If I were to be profiled strictly by what games top my most-played lists, I’d certainly make the PR team at any major studio blush. Like most gamers, I buy into the big, marketable series with epic, sweeping stories. Even the indie games I play have a common theme of destruction, whether I’m Minecrafting or Castle Crashing. But there lies a dark secret within my history as a gamer. A particular talent I had honed as a young arcade nerd and hide from the light of day. I’m a Dance Dance Revolution aficionado.
I mean it. I was an ultimate, heavy-difficulty-setting, double-pad-spinning, arrow-burner. Or, at least, I was in my prime. A time when my high school friends and I prowled arcades and played endlessly, fueled by Mountain Dew and determination. Despite a life of burying myself in games full of narrative fuss, with the possible exception of a brief Dynasty Warriors obsession, my friends and I found ourselves latched to the classic arcade staple with the flashing techno strobes and the light-up dance pads. My labor was Dance Dance Revolution.
It was at the arcade that our practice came into play, where we would pretend to casually toss a few tokens in. This was a complete façade. We could play for free at home. The arcade was where you came to demonstrate your superiority over the others, which usually consisted of a long-haired guy in raver pants and a quiet Asian girl from the next school district. It was there the high scores were solemnly etched in stone. Where one player had played the perfect game and others tried vainly to knock them off their pedestal. The mall arcade was where it mattered. That is, until it was renovated on account of the poor income and quietly turned into a Cinnabon.
Our haven had been destroyed mid-year, but it turned out not all had been lost. Dance Dance Revolution was too much of a money-maker and so it was placed in the oddest place of them all. Smack dab in the middle of the massive, circular food court. Now wedged between a Sbarro's and a Subway was our precious DDR Mix 3. It was a startling change, as the game’s audience was no longer Arby’s employees on break waiting for their turn, but the entire population of the mall. Parents, kids, other teenagers all walked past, with very few of them even knowing what the machine was for. Alone it blipped and flashed, beckoning impotently for players to ‘blaze up their feet.’
Eventually, we ignored the impending weight of potential public humiliation and answered the call. We began to play our afternoon sessions in the full view of near two hundred people. No longer did we play endlessly to chase a high score, because that number, no matter how high, didn’t impress strangers. Instead, a player who could nail a song with real, genuine rhythm and impressive moves drew a huge crowd. People gathered and stared, some with confusion and derision, others with genuine interest. This became the new competition. To make the masses curiously shake their head and watch you flail your arms like an idiot to bad techno.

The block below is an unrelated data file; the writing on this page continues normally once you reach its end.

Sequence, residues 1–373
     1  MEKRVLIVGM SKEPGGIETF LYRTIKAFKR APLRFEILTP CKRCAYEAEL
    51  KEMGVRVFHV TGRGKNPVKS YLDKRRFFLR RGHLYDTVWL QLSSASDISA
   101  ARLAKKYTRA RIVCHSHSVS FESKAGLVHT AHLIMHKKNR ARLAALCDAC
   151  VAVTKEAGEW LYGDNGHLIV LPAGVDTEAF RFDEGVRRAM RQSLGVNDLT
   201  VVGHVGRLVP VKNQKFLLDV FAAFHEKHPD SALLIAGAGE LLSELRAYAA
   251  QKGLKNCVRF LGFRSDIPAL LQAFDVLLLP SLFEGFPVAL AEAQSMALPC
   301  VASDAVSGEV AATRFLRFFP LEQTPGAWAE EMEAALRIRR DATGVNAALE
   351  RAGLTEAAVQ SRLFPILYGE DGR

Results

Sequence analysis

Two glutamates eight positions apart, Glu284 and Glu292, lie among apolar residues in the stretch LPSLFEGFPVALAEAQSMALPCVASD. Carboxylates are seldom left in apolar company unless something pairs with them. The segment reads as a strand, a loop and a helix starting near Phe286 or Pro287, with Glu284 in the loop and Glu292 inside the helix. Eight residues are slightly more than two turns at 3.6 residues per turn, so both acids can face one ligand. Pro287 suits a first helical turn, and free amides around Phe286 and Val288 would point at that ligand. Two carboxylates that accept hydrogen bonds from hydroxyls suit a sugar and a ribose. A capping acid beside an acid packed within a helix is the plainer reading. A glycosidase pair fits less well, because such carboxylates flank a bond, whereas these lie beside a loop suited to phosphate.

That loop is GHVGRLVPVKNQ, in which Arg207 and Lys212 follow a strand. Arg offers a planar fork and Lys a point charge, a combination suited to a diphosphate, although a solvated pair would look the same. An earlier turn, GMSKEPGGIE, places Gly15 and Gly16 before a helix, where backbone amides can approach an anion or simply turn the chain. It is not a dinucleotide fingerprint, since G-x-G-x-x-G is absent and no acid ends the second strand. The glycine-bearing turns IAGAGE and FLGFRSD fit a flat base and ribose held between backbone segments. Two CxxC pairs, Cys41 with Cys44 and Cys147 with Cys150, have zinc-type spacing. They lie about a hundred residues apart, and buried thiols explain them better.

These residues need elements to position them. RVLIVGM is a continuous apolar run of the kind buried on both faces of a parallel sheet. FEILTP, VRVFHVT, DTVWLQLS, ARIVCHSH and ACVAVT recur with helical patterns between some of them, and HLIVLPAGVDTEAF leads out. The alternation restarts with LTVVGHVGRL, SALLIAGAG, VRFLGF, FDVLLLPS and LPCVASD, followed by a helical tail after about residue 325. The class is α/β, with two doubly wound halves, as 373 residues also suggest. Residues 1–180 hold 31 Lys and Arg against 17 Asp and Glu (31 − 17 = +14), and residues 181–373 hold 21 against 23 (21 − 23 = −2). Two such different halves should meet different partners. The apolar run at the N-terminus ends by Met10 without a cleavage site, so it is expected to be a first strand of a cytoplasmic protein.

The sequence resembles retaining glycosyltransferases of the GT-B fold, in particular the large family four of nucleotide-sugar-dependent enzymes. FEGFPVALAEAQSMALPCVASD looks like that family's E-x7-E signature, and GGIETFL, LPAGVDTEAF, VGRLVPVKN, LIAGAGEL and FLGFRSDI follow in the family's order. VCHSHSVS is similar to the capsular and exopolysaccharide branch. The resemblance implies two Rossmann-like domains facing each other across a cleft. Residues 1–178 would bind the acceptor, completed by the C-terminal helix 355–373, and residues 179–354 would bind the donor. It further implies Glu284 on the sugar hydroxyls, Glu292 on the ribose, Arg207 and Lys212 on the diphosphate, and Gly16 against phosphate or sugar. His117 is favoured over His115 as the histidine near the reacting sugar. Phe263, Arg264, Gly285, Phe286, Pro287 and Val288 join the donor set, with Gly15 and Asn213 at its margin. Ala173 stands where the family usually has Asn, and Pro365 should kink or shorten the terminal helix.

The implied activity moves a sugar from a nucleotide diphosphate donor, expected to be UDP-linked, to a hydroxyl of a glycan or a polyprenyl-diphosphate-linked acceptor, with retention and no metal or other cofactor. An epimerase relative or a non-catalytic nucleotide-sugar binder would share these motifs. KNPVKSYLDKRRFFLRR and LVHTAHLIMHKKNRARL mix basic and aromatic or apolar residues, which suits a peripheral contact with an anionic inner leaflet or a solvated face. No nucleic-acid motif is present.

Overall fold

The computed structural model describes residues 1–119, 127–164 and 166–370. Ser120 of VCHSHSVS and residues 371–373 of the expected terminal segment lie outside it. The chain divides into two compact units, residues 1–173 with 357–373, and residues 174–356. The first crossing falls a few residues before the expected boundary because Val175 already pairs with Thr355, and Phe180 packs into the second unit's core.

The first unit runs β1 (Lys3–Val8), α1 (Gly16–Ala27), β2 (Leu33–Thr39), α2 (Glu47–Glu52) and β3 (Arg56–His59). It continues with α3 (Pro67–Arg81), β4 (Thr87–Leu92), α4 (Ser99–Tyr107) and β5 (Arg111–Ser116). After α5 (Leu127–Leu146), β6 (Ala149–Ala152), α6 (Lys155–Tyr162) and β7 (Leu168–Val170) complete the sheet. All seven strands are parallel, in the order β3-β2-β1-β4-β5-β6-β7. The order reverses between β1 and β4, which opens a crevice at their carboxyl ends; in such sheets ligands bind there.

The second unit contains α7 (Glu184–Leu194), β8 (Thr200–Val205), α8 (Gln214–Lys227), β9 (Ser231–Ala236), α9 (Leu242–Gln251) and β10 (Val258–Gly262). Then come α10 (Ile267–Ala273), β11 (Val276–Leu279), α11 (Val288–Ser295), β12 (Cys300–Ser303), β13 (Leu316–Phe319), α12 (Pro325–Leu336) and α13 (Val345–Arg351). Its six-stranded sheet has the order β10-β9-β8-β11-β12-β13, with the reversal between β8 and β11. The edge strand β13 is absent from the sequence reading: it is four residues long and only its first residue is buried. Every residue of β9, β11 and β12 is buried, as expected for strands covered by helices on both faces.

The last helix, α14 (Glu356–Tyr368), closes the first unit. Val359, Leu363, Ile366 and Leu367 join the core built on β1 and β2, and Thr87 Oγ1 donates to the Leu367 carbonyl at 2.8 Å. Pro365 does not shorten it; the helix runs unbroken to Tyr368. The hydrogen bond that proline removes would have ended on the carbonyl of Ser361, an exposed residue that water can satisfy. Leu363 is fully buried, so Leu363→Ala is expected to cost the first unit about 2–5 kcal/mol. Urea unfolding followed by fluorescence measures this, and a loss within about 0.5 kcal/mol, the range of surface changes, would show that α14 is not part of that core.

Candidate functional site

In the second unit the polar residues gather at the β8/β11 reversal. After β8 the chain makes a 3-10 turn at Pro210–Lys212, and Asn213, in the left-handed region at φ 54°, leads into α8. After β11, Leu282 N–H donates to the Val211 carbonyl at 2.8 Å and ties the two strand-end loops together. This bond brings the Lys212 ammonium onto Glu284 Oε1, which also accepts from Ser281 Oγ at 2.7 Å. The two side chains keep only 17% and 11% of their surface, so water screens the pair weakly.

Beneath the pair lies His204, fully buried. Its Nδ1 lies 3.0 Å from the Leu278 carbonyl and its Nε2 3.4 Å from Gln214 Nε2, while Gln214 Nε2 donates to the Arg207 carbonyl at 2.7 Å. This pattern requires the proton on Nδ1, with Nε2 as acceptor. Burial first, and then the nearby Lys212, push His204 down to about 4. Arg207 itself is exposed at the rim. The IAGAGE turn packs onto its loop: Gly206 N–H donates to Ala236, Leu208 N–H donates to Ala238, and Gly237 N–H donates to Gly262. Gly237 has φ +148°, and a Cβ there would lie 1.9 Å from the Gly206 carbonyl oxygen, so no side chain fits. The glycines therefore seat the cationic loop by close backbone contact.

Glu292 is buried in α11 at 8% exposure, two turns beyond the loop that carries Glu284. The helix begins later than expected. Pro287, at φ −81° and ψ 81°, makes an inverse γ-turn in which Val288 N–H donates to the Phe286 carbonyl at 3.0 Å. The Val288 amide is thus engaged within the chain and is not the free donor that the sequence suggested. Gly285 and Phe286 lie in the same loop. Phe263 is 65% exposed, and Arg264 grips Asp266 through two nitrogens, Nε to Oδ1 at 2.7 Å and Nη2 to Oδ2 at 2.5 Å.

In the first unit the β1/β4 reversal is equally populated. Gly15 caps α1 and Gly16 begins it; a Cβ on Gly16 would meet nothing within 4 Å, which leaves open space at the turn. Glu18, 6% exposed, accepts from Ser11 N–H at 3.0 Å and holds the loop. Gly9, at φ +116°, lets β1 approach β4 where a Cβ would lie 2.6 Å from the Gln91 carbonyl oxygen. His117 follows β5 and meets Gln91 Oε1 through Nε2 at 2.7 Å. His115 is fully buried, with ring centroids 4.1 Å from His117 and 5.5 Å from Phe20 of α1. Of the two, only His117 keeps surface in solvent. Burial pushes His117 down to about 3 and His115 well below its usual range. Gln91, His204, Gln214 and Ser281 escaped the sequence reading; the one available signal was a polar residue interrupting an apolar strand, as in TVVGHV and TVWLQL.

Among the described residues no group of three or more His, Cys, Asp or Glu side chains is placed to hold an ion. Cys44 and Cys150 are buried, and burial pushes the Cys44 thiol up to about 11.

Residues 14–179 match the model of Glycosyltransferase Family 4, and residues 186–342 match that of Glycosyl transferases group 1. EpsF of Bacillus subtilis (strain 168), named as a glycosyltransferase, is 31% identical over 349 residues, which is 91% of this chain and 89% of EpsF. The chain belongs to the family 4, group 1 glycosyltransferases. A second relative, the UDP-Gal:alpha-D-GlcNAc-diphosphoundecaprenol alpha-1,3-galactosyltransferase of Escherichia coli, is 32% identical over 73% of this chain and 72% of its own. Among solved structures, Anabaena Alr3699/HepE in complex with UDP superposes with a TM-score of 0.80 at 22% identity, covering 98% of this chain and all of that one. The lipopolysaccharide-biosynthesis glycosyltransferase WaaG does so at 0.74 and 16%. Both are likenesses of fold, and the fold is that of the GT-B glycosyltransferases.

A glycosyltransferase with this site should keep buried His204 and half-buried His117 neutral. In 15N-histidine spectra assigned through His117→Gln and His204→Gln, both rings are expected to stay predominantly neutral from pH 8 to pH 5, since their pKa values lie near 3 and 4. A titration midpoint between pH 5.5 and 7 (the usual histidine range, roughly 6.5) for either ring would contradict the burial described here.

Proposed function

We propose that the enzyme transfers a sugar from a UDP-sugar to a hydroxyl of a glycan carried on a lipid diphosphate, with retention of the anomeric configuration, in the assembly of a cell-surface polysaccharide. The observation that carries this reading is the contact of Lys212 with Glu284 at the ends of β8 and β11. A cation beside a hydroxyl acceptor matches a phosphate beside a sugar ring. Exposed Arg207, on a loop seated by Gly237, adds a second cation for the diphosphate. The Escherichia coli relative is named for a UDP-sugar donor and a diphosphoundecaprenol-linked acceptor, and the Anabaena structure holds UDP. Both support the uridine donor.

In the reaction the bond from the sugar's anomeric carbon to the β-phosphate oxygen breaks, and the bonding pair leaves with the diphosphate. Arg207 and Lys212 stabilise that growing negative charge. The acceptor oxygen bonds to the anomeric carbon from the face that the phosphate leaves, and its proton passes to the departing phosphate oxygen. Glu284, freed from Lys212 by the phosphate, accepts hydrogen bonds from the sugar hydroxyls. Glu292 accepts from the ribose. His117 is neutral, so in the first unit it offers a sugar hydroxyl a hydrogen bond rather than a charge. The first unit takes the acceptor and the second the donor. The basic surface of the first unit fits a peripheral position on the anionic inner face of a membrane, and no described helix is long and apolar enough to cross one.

My ability to do a backwards pad cross on AM-3P is probably ancient history now. I've scarcely even seen a Dance Dance Revolution machine in years. Every now and then one appears in the back of a movie theatre arcade or in a lonely minigolf course lobby. I amuse my girlfriend with the remnants of a skill I had honed through sweat and dedication, a period of tireless work that actually had beefed up my calves and caused me to drop 25 pounds by accident.
My one-time obsession seems ludicrous now, something that had caused me to faint in front of near 20 people and had once given me a minor ankle sprain. I never entered a competition, even at my prime. I wasn’t intimidated by the concept, just wholly disinterested in it. Yes, it was a game of competition and high-scoring, but that wasn’t something to be judged. We did it as a silent challenge to each other and because, pointless or not, it was a talent we had crafted.
I imagine exceptional players of any genre, those that practice their techniques in Street Fighter or Halo, battle a slight inclination of shame when discussing their passion with strangers. There is something inherently negative in our culture about becoming good at something not everyone cares about. The tale of one Alyssa comes to mind. No where is it more relevant than in video games, a medium that requires work, effort, and resilience to failure. Games are a hobby that inherently grant the particpant a skill, however marketable, simply by taking part. But, working towards a displayable talent is never wasted time. It's achievement simply by making you feel as if you've achieved. Shame is never a part of it.
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